Greek and Latin Passion Explored in NY

NEW YORK – Singer Lina Orfanos and composer Dimitris Maramis gave musical expression to the truth that the Mediterranean Sea may be the world’s greatest cultural incubator during the concert titled AY AMOR in the Metropolitan Room on December 28.

The vessels on the musical journey included love poems by Federico García Lorca, Pablo Neruda, Rubén Darío and C. P. Cavafy sung in Spanish, Greek, and English as set to brand new music by Maramis.

The music and the poetry inspired passionate moments by the singer and the instrumentalists alike, who were, as always, graciously introduced by Orfanos and included Sophia Anastasia on flute, Megan Gould on violin and Nicholas Tzavaras on Cello.

The combination of intellectual depth and passion common to many of the poems was illustrated by Orfanos’ third song, sung in

Spanish, of Lorca’s “Casida de la Rosa.”

The rose
was not intent on the dawn:
almost eternal on its stem,
it was intent on something else.
The rose
was not after knowledge or shadows:
the confines of flesh and dreams,
it was after something else.
The rose
was not intent on the rose.
Unmoving, against the sky,
it was intent on something else.

(Translation by Paul Archer.)

The evening’s highlight was the world premiere of Maramis’ setting of Constantine Cavafy’s poem Ithaca. Orfanos’ expressive soprano voice was matched by the haunting Arabic strains of Sophia Anastasia’s flute.

Orfanos was both excited and felt privileged to sing it, telling the audience, “The first time you do a song is awesome.”

The poem, whose essence is a paean to humble origins that launch us on a rich life journey, concludes:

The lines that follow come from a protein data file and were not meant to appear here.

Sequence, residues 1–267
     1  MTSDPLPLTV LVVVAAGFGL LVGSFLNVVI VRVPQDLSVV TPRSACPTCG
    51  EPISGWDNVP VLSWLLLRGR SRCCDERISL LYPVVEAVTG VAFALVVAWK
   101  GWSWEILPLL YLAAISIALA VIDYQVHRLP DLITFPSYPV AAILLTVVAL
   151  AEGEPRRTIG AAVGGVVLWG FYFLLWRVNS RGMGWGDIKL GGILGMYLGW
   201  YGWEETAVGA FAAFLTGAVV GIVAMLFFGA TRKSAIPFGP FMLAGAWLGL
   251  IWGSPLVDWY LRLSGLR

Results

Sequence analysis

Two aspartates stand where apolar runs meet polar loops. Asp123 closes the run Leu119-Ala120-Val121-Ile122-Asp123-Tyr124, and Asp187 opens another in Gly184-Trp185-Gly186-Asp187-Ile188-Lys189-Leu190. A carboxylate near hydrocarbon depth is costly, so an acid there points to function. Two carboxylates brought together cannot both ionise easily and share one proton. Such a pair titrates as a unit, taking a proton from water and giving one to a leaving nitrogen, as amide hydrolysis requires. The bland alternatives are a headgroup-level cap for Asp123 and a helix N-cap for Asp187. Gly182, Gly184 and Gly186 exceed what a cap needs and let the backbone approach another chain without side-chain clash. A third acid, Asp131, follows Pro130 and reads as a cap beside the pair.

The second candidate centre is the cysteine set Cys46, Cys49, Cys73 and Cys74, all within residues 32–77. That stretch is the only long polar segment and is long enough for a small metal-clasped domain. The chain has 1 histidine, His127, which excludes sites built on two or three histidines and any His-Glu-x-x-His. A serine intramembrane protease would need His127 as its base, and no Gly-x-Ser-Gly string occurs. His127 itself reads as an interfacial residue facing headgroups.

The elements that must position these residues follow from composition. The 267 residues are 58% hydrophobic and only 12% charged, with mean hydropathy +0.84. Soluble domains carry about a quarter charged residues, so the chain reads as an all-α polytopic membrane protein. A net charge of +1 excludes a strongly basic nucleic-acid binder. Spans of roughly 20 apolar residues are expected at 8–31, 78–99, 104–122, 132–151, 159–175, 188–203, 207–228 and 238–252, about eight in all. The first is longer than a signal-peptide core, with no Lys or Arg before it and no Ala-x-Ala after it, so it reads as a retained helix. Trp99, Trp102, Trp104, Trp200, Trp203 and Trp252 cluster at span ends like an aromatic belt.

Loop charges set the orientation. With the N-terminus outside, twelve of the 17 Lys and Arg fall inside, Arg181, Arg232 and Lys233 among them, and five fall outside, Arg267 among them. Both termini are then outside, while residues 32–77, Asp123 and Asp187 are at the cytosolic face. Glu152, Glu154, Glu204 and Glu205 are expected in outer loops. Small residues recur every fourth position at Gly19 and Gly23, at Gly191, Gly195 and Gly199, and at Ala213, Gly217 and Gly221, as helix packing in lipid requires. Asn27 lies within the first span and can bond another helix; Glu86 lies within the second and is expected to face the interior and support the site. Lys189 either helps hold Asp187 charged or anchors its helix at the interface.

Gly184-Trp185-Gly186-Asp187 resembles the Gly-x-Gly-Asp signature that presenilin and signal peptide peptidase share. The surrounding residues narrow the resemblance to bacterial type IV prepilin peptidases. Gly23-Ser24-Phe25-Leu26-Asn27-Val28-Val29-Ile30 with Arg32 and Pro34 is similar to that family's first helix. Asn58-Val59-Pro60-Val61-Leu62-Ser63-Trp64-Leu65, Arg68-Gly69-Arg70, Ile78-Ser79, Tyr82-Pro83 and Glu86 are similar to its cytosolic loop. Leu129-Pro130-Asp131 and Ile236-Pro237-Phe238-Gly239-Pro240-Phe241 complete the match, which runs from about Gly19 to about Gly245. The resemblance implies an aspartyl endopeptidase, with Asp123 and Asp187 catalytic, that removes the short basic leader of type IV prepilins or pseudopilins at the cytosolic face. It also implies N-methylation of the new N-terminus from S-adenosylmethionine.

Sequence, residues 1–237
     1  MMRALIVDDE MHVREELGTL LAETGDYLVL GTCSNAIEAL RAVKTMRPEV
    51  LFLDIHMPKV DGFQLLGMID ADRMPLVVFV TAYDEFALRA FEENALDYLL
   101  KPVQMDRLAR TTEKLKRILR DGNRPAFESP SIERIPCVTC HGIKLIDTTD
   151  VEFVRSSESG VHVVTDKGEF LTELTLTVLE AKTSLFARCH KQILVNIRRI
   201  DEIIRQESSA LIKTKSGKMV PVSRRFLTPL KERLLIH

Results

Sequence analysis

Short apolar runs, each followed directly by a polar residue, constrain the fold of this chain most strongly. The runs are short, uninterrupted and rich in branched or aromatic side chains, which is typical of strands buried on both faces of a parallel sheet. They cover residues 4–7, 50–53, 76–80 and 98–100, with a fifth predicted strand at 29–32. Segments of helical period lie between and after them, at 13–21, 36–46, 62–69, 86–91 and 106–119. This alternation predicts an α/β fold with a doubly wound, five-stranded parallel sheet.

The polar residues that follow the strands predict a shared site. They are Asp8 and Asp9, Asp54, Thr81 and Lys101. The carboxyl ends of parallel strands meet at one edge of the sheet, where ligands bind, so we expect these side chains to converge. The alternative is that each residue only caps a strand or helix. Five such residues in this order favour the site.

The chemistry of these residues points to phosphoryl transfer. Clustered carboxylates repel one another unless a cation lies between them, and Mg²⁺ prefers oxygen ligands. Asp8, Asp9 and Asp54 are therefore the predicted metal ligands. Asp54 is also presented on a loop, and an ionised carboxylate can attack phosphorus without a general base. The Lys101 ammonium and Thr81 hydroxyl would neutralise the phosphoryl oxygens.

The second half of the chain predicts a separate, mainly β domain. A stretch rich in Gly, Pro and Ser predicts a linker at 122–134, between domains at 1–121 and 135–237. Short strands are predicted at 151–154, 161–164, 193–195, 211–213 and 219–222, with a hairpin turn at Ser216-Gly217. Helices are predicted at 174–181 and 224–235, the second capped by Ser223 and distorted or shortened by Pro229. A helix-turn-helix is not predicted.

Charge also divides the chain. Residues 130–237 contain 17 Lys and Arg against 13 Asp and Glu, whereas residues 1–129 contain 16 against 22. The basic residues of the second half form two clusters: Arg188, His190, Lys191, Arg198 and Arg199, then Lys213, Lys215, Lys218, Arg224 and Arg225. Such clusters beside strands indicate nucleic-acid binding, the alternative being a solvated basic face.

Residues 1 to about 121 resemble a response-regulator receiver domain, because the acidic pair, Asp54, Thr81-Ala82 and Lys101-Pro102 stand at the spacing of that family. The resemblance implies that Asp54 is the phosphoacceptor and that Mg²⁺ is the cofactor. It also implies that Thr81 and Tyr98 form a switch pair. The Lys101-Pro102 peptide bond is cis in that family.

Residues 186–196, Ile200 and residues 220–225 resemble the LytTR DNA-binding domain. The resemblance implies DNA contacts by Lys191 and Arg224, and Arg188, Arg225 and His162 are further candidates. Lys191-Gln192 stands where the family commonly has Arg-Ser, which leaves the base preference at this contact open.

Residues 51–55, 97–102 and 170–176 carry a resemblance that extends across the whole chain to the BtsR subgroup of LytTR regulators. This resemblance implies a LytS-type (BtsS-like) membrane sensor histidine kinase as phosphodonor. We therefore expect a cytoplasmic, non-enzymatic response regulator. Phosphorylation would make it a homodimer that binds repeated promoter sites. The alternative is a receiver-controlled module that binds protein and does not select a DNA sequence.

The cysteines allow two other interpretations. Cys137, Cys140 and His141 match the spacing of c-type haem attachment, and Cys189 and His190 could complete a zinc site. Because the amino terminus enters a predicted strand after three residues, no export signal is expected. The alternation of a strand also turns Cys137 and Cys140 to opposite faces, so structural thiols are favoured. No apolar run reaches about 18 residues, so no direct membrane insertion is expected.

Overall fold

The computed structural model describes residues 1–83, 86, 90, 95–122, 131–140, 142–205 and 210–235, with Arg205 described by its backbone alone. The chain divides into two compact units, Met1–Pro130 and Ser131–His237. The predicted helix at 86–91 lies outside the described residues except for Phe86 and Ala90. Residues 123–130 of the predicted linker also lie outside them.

“Ithaka gave you the marvelous journey.
Without her you would not have set out.
She has nothing left to give you now.
And if you find her poor, Ithaka won’t have fooled you.
Wise as you will have become, so full of experience,
you will have understood by then what these Ithakas mean.”

(Translated by Edmund Keeley/Philip Sherrard.)

Passions old and new turned up in the delightful banter and commentary to which Orfanos’ fans look forward. The songs evoked memories of boyfriends past, but the artist transformed the pain into humorous riffs and poignant music.

El Amour by Pablo Neruda, which includes the line “I love you without knowing how, or when, or from where…” is one of 100 love poems for his wife Matilda – his third wife as Orfanos informed the guests. who laughed heartily.”

She explained that the poem “Amo, Amas – I Love, You Love ” by the Nicaraguan poet Ruben Dario “is about universal harmony combined with burning desire,” and quipped: “That’s a nice trick,” as she referred to her Nicaraguan boyfriend.

Maramis followed with a dazzling improvisation that alternated playful and dramatic moments leading to a spectacular climax. Throughout the night he thrilled the audience with furious passages on the Yamaha.

Orfanos spoke of her appreciation for Lorca, whom she called “an amazing poet who thirsted for a deep song that goes to the soul things,” before singing his “La Noche – The Night,” which begins “A full moon, the night above the two of us/I began to cry and you were laughing.”

The Metropolitan Room dark and moody with black ceilings and walls, was the perfect setting for the songs. The acoustics and the sound engineering were excellent.

A CD is now available containing of much of the music that was performed.